[This piece was originally titled "Why Piracy Is Good" when I wrote it in August of 2004. I figured I'd make it gratuitously offensive clickbait this time, just for teh funz. If you don't understand the new title, start here.]
It's weird how the simplest games can have the longest stories. Today we're going to talk (well, I'm going to, anyway) about a couple of games (well, four games, but we'll get to that) that are about as Zen-basic as it's possible for electronic entertainment to be.
They're a pair of games which could be played by the one-armed dishwasher from Robin's Nest (one for the mums and dads, there), a duo that require all the brainpower of a starving dog pondering the best course of action to take with a pound of sausages that's just fallen out of an old lady's shopping bag right under his nose.
And yet, by the time we're done we'll have covered inspiration, plagiarism, moral flexibility, flagrant copyright infringement, public-spiritedness, cultural history, corporate pragmatism, collective short-sightedness and the proudest moment in your correspondent's career to date. Which is a lot of stuff, so let's get on or we'll be here all day.
I always like to try to salvage something of value out of the most worthless commodity of the digital age: spam. Most of the cast of characters in Hell Yeah! are named after the "senders" of spam emails, and earlier today I was going through the followers on the Twitter account of my Scottish politics site blocking all the pornbots and noticed a slightly odd shared characteristic in the process.
Almost every one had a single-word biog, and as I went down the list it seemed to have a certain poetry. I had just enough syllables to make two haikus (plus titles), with four left over. If you can do better with the words, send 'em in.
Alert readers may recall a few weeks back I gave an interview to a blog written by a bunch of – well, let's call them "games journalists" for want of a more accurate term. A straightforward enough business, you might think – ask questions, get replies, publish, done. It didn't work out quite that simply.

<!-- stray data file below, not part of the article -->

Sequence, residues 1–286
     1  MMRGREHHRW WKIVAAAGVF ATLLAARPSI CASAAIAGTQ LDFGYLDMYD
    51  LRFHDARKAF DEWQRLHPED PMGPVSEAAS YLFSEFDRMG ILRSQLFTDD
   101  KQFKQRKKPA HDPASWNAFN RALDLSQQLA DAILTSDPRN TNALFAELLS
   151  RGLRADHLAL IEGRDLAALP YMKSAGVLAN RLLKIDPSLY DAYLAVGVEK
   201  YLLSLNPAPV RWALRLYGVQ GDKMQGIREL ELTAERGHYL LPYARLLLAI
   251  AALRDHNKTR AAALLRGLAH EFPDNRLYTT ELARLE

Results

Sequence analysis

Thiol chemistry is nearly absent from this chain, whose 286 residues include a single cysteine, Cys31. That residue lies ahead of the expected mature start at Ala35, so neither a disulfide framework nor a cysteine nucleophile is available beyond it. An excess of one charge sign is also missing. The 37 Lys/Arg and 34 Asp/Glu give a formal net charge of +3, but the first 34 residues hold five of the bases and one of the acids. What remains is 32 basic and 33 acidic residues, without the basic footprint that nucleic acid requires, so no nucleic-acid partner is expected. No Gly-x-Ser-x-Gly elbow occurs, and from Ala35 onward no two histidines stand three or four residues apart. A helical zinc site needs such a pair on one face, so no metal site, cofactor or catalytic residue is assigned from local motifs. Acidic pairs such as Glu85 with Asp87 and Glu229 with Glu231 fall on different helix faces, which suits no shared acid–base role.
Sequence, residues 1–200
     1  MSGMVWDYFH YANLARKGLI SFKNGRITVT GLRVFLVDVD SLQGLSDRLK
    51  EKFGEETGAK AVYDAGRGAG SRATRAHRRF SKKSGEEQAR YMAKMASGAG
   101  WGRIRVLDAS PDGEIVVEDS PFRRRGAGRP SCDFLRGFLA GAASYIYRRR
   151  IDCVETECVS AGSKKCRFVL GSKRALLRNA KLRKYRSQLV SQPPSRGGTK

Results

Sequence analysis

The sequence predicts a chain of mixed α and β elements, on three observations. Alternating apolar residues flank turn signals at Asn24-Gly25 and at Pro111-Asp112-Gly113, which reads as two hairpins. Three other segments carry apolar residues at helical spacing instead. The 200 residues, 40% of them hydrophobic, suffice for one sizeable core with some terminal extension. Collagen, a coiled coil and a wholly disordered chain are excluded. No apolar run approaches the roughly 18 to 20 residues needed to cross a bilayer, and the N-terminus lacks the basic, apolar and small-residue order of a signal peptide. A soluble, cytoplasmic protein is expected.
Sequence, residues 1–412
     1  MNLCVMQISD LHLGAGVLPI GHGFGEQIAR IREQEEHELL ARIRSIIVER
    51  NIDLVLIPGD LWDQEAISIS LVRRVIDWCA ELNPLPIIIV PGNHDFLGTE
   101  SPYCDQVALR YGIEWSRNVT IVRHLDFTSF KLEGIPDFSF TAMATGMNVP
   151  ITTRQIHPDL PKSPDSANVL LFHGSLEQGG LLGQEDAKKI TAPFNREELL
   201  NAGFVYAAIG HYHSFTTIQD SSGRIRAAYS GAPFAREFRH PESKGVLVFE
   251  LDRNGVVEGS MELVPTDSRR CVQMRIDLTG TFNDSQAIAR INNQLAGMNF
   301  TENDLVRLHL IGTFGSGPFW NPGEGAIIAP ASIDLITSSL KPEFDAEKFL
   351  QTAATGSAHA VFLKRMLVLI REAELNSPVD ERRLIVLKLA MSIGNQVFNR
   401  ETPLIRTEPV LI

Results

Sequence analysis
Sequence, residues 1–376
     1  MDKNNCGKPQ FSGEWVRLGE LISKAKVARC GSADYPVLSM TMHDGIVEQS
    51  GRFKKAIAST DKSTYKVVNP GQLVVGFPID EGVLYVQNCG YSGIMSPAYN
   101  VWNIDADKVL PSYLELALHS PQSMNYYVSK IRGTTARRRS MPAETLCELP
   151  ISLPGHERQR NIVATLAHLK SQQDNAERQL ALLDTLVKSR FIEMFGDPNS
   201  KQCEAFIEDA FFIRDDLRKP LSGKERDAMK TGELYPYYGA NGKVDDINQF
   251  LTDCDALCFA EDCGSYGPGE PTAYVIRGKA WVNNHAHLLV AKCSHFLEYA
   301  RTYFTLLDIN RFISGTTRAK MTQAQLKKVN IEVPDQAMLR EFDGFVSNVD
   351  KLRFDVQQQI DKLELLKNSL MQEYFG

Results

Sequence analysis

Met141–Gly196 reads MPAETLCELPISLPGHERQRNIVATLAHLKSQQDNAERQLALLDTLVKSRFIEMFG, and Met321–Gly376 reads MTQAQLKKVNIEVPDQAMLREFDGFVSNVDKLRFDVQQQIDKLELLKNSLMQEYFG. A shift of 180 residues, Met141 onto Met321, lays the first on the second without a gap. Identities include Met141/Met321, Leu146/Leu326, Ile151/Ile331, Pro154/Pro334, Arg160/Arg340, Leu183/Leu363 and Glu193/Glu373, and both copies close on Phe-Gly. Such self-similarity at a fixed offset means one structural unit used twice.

While the interview caused a huge hit spike on the site and an unprecedented number of comments (over 100 compared to their usual three or four), this sudden influx of visitors and attention caused great consternation among some of the blog's editors other than the charming and talented young writer who'd done the interview.
Two of them – a pair of particularly lily-livered Future Publishing corporate drones – whined all over Twitter and elsewhere that the (incredibly mild) arguments in the comments were so beastly and upsetting that they were considering deleting the entire site, rather than attract all these awful, horrid people (ie, readers) to it by speaking to such a nasty man.
Long story short, to spare the hurt feelings of the less-popular stories on their blog (which is to say, all of them) the interview has been quietly deleted. So I've retrieved it and posted it below for posterity.
Man, I've been waiting for this to happen for ages. A long long time ago, when I was barely half as old as I am now, there was a magazine called Cut. A sort of artsier Scottish version of the NME, it was a music-and-culture-and-politics newspaper that came out either weekly or fortnightly, I forget which.
Either way, in 1989 Cut began publication of a comic strip written by Grant Morrison (the eccentric/mental creator of Zenith and The Invisibles, among many others), called The New Adventures Of Hitler.
Thanks for pointlessly destroying the image widget, WordPress dickheads!
"If you've got the crowd behind you, you're probably facing the wrong way."
- S. Munnery
"Existence is random. Has no pattern save what we imagine after staring at it for too long. No meaning save what we choose to impose. This rudderless world is not shaped by vague metaphysical forces. It is not God who kills the children, not Fate that butchers them or Destiny that feeds them to the dogs. It's us. Only us."